Justin:

Eventually, everyone you know, somewhere around 30 when you've got kids And you're just tired of pirating stuff. You're just like, okay. We're just paying for stuff at home, at work, wherever. The the tired dad thing goes in, and it's like, okay. We're just paying for cable.

Justin:

Goddamn

Ian:

it. Yeah.

Justin:

Let's let's get into your theory, Ian, why why what did they get wrong about on especially on the once.com homepage? What do you what do you kinda think they got wrong about, buy once, install, host yourself.

Ian:

How many IT managers do you think they've actually talked to? Not like software developers who do some DevOps, But, like, somebody down in the dungeon of IT at a college. Right? Like, I don't think they've talked to many. Maybe none.

Ian:

Right? And so, like, the one lie we don't have to go through the whole website, but I feel like the one line purposely encapsulates it, which is IT IT departments are hungry to run their own IT again, Tired of being subvert subservient to Big Tex rain clouds. And I just like, literally, All of that is completely wrong. Like, it's just wrong. Like, there's no like, you could parse it.

Ian:

You could I mean, I've talked to literally thousands of IT managers, and I've sold to them for 20 years, and I've watched as they all started on premise, and every single one of them was like, you You have to have a cloud version. We have to leave your platform if you don't cloud version. Okay. So we built the cloud version. Right?

Ian:

We did that all the way through to today when now it's, like, maybe 20% of our sales or Probably less honestly is on premise in terms of new sales. Mhmm. And it's like, yeah, there are reasons to be on premise. Like, Chase Manhattan just had a thing, right, where they have 60,000 IT people managing their security and okay. Great.

Ian:

Like, you're a bank. You wanna run your own security. You have a lot of regulatory reasons to do that. Yeah. We have bank customers.

Ian:

They have huge IT departments that run physical servers and manage them and great. Fine. Yes. They want on premise software. Totally great.

Ian:

But the vast majority of IT manager don't want it, especially for something like an end user app. That's like something they're not dealing with. They don't wanna be responsible for it. They wanna focus on their network security, on the physical security, on device security. Like, they're not Like, oh, man, Slack that we pay.

Ian:

And, again, even, like, the stuff that comes up with, oh, $100,000 for Slack, whatever, most people are pay not paying off of Slack. Right? You're paying a $100, $200, $500, $1,000. Yeah. Like, at $1,000 let's say you have $1,000 a month for Slack.

Ian:

If I'm gonna switch it with the on premise version, like, I gotta have a server. I gotta have somebody responsible for it 247365. Because if it goes down, I'm gonna be the one who gets yelled at. Right? If the CEO is trying to Slack somebody, and my homegrown Slack thing by DHH is down.

Justin:

Yeah.

Ian:

Well, now I'm in trouble. Right now, this is this is my problem. Yeah. And why did I do it? And what's my answer for why did I do it?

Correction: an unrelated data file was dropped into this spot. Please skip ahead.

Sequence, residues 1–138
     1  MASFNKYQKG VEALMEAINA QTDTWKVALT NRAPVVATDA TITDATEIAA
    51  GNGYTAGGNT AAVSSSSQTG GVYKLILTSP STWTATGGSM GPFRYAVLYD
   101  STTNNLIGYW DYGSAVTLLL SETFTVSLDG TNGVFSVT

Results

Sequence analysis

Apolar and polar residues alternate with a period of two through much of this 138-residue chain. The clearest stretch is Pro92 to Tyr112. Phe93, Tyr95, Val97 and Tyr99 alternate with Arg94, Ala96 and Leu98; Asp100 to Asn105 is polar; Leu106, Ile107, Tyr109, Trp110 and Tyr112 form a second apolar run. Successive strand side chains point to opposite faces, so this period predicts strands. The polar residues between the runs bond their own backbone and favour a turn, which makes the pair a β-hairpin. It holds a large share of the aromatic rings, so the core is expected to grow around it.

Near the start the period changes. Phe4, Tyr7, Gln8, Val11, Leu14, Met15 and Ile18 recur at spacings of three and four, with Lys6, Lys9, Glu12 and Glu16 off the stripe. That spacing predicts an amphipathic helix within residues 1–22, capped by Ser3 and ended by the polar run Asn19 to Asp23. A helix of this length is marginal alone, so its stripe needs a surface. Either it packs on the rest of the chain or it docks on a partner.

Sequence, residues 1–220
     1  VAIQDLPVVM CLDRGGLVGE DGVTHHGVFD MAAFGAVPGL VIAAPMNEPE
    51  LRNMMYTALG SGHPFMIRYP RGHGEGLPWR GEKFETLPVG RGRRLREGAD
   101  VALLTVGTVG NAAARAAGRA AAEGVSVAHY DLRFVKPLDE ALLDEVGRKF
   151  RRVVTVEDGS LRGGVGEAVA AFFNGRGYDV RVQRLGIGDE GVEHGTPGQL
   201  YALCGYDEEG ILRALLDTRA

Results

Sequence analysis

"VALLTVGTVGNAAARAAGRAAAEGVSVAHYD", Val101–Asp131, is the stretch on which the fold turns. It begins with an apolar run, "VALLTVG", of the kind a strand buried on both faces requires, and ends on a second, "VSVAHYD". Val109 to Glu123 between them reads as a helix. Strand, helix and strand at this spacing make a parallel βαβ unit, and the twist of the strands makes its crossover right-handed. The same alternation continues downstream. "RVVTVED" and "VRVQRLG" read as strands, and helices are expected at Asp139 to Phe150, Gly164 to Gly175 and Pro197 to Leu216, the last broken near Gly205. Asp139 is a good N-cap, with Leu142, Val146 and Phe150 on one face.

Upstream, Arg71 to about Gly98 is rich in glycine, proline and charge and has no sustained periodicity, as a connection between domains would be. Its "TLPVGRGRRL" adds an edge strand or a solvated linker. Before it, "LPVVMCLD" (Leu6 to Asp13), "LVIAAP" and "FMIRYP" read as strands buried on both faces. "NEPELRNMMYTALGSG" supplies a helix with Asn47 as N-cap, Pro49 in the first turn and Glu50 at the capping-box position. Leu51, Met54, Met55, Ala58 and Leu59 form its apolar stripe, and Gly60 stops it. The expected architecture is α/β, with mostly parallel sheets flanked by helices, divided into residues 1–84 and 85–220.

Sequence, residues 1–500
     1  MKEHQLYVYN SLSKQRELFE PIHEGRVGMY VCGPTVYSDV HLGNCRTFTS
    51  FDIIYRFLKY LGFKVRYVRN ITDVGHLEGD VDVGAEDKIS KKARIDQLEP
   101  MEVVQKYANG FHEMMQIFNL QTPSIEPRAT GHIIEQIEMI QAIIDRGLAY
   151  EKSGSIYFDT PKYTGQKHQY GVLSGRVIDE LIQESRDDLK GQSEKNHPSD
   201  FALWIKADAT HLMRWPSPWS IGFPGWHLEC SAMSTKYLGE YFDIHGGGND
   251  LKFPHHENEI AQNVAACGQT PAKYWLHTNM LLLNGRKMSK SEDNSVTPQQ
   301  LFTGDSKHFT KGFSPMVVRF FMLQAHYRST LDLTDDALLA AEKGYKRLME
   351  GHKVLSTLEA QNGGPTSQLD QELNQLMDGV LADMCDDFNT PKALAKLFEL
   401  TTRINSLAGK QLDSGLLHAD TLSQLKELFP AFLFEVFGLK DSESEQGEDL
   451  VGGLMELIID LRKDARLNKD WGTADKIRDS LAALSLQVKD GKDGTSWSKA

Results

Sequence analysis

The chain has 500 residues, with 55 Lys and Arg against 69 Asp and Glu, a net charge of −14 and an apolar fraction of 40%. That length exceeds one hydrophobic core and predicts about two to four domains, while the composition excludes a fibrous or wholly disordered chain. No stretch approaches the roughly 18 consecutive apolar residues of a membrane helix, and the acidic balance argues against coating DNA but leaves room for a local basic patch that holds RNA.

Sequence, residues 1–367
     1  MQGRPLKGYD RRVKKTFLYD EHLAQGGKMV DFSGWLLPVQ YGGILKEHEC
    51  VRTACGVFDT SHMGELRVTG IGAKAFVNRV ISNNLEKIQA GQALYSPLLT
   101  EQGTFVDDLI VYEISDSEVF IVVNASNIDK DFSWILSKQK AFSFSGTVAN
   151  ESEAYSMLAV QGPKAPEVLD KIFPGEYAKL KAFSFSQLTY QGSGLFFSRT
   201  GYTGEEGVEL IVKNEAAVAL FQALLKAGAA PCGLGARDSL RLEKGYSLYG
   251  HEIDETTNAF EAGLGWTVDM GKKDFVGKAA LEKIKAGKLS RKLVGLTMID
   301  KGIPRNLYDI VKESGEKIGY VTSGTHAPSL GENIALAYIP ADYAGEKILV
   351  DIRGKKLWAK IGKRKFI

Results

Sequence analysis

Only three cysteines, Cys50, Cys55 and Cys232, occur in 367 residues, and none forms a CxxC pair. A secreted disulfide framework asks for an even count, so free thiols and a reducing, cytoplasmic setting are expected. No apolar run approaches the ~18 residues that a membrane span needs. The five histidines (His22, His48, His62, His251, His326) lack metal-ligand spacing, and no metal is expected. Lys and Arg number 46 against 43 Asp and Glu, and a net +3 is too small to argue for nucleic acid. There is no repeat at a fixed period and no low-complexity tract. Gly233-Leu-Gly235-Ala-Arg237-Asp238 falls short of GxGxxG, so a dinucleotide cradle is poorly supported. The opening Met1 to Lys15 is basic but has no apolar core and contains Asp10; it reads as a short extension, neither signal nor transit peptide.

Ian:

Well, we saved $10,000 a year. Yeah. That's a shitty answer. Nobody wants to hear that answer. Right?

Ian:

That's not a good answer. And so, you know, it's just not real. And then even the the cloud, Like, even the things they're doing, IT managers are moving away from physical servers. They're still going to cloud services. Right?

Ian:

Even the things that are on premise are We now have an Azure cluster of 70 servers or a 1000 servers or whatever it is. Right? Like so it's just You know, I do think there is some stuff out there where, like, architectural things, there's some demand for on premise that's switched. Like, you wanna run Elasticsearch And you want it deployed into your network and things like that. I think there's some demand for that kind of stuff, but It's it's and even those even those, when you see those, they're still fully managed by those companies.

Ian:

Yeah. So, like, single Thor, Elasticsearch. Like, yes, you can have them deployed in your VPC on AWS, but you are not responsible for any of it. All that's getting you is, like, basically networking. So it's in your network.

Ian:

Some of them maybe give you access to the server. Some definitely don't. They are the The vendor is still, like, performing all the security updates, managing the system, all that stuff. Like, the IT managers are not doing that stuff. So That's just why I feel like their whole premise was like, this sounds like a good idea.

Ian:

People are tired of paying for SaaS, which I don't even believe is true. And but let's just say you think that and I just think it's a faulty that there's a huge demand by IT departments to get rid of an app that On average, it's probably, like, a $200 a month cost for the average install and, like, for very little upside and a lot of risk. I just don't think that's That's true, many more.

Justin:

Ian, while you were talking, you were just bringing back waves of past trauma For me, where I convinced my boss to let me install replace our phone system With an on premise PBX open source software, put put the computer in a closet, and I will manage it for are

Ian:

both there. 365 days a year. I think it was wrong.

Justin:

Just a nightmare. Just it turns out there was a open security vulnerability I didn't know about. This thing just got hit by denial of service attacks, brought down our whole phone system, constantly had to hire some, You know, some guy that knew how to fix it, and it took him all day. It was just a nightmare. And every time the phones didn't work, I was I got called.

Ian:

That's you. You made that call to save a $1,000 or whatever it was. Right? And, like well, that's the thing. I mean, even that whole premise of, like, it's never been Easier to run a server.

Ian: